The first Royal Columbian Hospital, designed for 30 patients and located on the corner of Clement (now 4th Street) and Agnes Street was opened on 7 October 1862 to care for men only. Women, children, and "the incurable and the insane" were excluded from care. The Royal Engineers planned and helped build the hospital, the first in the colony. The cost was $3,396. A chain gang from the penitentiary helped clear the site.
Royal Columbian moved to its current location in the Sapperton area of New Westminster in 1889; the large property purchased meant the hospital could expand and build additional structures. This new building is constructed in that year, however due to financial setbacks the patients are not moved until February 1890. An early physician and surgeon connected with the hospital at this location was Richard Irvine Bentley.
In 1893, the Christian Temperance Union established a women's hospital in a home, and had eight beds. In 1901, due to the lack of funds to keep the women's hospital running, provincial legislature was passed to integrate the women's hospital with Royal Columbian as well as establish a nurse's training school. The nurse's school was beneficial in that it provided a cheap form of labour that would eventually be trained to supervise and teach new students, which would prove to be beneficial in future years when finances became tight. The Ladies Auxiliary was formed in 1903, and in its first year set aside $600 for the hospital to build a maternity cottage.
In the 1920s, the economic boom that took place allowed for the hospital to continue to reduce its debt load and expand where needed. The standardization movement taking place in the United States provided footing to compel the municipalities to finally begin funding the hospitals that served their citizens. A paediatric ward opened in 1921 that allowed younger patients to be attended to separate from the adults, and a doctor was appointed as medical superintendent, as the lady superintendent felt that the job would be better suited to someone more medically trained. However, due to a tacit rejection of his recommendations by the staffed doctors, he resigned along with the newly appointed laboratory attendant.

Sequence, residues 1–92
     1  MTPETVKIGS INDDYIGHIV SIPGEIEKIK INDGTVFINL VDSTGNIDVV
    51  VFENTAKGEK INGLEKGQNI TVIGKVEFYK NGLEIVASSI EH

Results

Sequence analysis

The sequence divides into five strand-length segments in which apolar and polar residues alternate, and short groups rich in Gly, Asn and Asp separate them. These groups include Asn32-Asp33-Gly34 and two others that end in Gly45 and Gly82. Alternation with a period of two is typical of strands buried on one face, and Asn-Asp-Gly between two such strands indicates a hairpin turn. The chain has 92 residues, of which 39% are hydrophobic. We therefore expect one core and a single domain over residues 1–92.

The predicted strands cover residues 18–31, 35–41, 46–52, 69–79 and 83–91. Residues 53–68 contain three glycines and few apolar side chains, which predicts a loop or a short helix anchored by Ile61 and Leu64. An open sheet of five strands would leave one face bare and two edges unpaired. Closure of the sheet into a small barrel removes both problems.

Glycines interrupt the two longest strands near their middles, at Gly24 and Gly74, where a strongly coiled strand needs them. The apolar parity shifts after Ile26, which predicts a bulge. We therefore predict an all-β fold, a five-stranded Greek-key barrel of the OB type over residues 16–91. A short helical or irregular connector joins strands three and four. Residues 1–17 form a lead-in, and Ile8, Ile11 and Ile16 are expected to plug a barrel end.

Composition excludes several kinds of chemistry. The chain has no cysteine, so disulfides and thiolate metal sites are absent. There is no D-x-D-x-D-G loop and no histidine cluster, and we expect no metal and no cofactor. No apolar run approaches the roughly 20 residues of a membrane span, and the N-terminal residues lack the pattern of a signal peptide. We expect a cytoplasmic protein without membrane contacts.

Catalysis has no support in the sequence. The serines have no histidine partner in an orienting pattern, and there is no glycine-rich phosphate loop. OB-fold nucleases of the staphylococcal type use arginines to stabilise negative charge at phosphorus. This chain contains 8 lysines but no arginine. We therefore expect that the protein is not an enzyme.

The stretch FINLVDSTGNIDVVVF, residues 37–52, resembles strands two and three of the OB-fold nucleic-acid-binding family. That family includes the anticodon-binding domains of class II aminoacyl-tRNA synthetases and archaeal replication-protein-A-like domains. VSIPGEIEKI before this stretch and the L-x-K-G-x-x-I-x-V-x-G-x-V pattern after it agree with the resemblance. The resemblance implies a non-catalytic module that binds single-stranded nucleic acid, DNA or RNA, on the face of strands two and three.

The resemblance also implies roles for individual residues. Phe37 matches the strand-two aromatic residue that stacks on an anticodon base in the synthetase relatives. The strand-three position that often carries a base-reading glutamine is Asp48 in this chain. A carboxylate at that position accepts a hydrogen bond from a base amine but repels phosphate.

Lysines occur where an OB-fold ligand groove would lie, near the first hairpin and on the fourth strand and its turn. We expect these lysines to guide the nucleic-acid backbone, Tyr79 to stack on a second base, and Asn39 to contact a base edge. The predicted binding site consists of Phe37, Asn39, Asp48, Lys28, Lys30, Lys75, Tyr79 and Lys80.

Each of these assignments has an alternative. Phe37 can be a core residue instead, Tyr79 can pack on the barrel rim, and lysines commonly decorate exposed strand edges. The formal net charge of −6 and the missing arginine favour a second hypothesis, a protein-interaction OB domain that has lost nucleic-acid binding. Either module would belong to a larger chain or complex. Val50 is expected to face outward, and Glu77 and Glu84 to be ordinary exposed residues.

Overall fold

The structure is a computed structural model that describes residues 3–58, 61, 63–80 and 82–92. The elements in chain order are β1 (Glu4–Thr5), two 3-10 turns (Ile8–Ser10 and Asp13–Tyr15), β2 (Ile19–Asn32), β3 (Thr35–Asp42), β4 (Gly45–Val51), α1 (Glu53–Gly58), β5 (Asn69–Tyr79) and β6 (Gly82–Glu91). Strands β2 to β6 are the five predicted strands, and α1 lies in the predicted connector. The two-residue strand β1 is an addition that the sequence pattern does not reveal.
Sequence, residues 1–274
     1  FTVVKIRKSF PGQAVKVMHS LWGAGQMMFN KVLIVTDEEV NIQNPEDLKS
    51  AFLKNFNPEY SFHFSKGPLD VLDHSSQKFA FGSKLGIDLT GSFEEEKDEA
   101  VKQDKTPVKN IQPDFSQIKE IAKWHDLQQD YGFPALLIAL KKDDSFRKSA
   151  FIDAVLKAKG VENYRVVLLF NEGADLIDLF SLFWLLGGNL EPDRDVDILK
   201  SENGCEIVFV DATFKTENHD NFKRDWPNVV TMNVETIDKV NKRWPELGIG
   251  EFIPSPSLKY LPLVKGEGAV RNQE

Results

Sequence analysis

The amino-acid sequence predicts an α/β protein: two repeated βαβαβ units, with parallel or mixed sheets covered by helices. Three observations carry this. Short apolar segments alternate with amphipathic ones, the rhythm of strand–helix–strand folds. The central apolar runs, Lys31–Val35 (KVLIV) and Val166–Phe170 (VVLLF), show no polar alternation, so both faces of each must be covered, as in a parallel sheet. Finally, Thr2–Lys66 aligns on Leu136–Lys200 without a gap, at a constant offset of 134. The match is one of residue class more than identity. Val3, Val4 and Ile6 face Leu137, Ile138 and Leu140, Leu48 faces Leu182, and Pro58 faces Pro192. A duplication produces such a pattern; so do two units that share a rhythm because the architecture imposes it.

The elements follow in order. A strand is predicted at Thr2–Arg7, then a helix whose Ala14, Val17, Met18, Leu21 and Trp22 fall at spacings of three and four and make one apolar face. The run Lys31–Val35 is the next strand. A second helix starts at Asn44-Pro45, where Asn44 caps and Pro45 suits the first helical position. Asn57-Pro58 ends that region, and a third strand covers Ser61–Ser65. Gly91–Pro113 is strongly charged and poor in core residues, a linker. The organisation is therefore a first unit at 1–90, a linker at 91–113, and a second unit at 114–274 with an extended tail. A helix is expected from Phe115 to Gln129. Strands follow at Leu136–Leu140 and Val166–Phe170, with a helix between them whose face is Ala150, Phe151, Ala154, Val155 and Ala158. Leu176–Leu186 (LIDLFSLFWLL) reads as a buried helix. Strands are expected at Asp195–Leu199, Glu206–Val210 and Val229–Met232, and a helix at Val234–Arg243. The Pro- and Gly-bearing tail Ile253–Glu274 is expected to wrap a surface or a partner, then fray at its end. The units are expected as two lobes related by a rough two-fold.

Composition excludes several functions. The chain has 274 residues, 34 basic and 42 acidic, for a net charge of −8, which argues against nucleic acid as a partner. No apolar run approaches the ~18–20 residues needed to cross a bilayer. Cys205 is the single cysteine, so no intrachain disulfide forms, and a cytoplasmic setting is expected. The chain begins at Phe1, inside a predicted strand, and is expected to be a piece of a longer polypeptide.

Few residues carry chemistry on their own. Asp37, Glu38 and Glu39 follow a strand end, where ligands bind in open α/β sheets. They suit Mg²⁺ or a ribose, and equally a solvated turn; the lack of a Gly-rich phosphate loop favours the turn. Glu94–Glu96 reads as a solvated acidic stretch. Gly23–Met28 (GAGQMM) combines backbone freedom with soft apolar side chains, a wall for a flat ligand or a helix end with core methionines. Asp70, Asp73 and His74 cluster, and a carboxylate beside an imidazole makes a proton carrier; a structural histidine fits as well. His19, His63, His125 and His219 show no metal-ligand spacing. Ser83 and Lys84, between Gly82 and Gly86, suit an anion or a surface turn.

The standardization movement made its way to British Columbia and Dr. Malcolm MacEachern, the physician from Vancouver General Hospital was at the forefront of it. In 1927 it was determined by American College of Surgeons, the hospital board, and the Fraser Valley Medical Association that certain requirements had to be met in order to be approved as meeting standardization requirements. At that time, it was required to have a pathologist spend a minimum amount of time reviewing lab work, a radiologist to supervise the x-ray department, and further administrative organization changes relating to staff, conferences and regulations. Royal Columbian was among the better performing hospitals due to its filing systems and regular meetings.